10 Reasons to Visit Chobe National Park, Botswana

Chobe National Park in northeastern Botswana was established in 1967. It was Botswana’s first national park, and is the country’s third largest at 11,700 square kilometers. Chobe is one of the top safari destinations in Africa, for 10 very good reasons.

Giraffes and elephants on the Botswana savannah (Shutterstock)

Giraffes and elephants on the Botswana savannah (Shutterstock)

Chobe has four distinct ecosystems, which encompass both river wetlands and dry savannah. As such, the park is home to some of the greatest concentrations of animals in all of Africa, which can be seen year-round.

Elephants in Chobe National Park (Shutterstock)

Elephants in Chobe National Park (Shutterstock)

Chobe is home to an estimated 50,000 elephants. At certain times of year herds of up to 5,000 can be seen grazing on Chobe’s flood plains and bathing in the river.

Leopard at Chobe National Park, Botswana (Photo by Becca Blond)

Leopard at Chobe National Park, Botswana (Photo by Becca Blond)

Chobe has a healthy leopard population, and the elusive cats can often be spotted at close range here — vehicles are not allowed to go off road to chase any animals, however.

A jacana on waterlilies in the Chobe River (Shutterstock)

A jacana on waterlilies in the Chobe River (Shutterstock)

Birdlife is quite prolific in Chobe National Park with an estimated 460 species of birds found here at any given time of the year — many are migratory.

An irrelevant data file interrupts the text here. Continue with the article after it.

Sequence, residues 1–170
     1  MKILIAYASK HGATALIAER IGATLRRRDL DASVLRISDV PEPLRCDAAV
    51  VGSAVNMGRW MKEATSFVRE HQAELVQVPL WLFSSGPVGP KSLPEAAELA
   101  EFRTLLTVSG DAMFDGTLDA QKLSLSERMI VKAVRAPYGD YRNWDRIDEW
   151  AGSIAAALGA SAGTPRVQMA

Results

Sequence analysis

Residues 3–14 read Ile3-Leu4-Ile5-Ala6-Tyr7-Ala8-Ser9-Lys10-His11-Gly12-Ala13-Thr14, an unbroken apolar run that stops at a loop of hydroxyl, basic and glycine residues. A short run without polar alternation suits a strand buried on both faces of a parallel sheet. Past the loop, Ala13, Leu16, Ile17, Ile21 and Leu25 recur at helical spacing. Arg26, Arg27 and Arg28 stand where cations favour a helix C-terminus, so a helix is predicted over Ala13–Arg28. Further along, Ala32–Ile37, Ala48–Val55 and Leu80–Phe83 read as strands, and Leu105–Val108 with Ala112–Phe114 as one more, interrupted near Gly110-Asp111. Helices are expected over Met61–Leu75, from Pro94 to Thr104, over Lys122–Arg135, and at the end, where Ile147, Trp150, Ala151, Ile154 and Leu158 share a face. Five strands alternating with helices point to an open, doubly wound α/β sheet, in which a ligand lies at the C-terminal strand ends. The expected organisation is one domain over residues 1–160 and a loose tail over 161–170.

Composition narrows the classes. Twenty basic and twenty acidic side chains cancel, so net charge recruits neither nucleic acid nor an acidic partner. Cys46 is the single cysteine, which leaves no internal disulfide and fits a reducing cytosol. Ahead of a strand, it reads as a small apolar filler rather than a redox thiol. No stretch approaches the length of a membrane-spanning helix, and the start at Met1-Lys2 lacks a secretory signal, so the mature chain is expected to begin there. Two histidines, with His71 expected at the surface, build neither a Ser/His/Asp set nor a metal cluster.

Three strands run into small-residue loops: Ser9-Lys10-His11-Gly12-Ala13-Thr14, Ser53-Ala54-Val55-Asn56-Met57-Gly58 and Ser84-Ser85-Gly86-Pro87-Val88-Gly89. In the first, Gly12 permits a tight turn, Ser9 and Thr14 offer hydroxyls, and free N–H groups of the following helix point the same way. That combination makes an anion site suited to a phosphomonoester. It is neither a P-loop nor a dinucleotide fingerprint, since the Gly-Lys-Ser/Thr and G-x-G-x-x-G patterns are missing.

Boat on the Chobe river, Botswana (Shutterstock)

Boat on the Chobe river, Botswana (Shutterstock)

Safaris in Chobe are unique because they incorporate time on the Chobe River with time on the ground — not a lot of parks can offer this combination.

Hippos on the Chobe River (Shutterstock)

Hippos on the Chobe River (Shutterstock)

The Chobe River separates Botswana from Namibia. Here you can expect to see plenty of hippos, crocodiles, birds and often buffalo and elephant grazing on the channel island the boats circle.

Lunch in the bush at Chobe (photo by Becca Blond)

Lunch in the bush at Chobe (photo by Becca Blond)

Eating lunch in the bush is another cool aspect of the Chobe safari. If you’re lucky a herd of giraffes or even elephants will wander by.

Chobe Safari Lodge (courtesy of Chobe Safari Lodge)

Chobe Safari Lodge (courtesy of Chobe Safari Lodge)

There are three main camping sites within the park, plus two luxury bush camps and several permanent luxury lodges, such as Chobe Safari Lodge.

Savuti Channel, Botswana (Shutterstock)

Savuti Channel, Botswana (Shutterstock)

The Savuti Channel, which feeds the marshland in the west of the park, mysteriously dries up for long periods then flows again (possibly due to underground tectonic activity). When it’s flowing, the area attracts thousands of migratory birds and large herds of mammals seeking water.

Map of Botswana (Shutterstock)

Map of Botswana (Shutterstock)

Chobe’s location in northern Botswana, close to the borders of Zimbabwe, Zambia and Namibia, means the park is easier to access from these three countries than from much of Botswana itself. Most visitors come from Victoria Falls (Zimbabwe), which is just a two-hour drive from Chobe.


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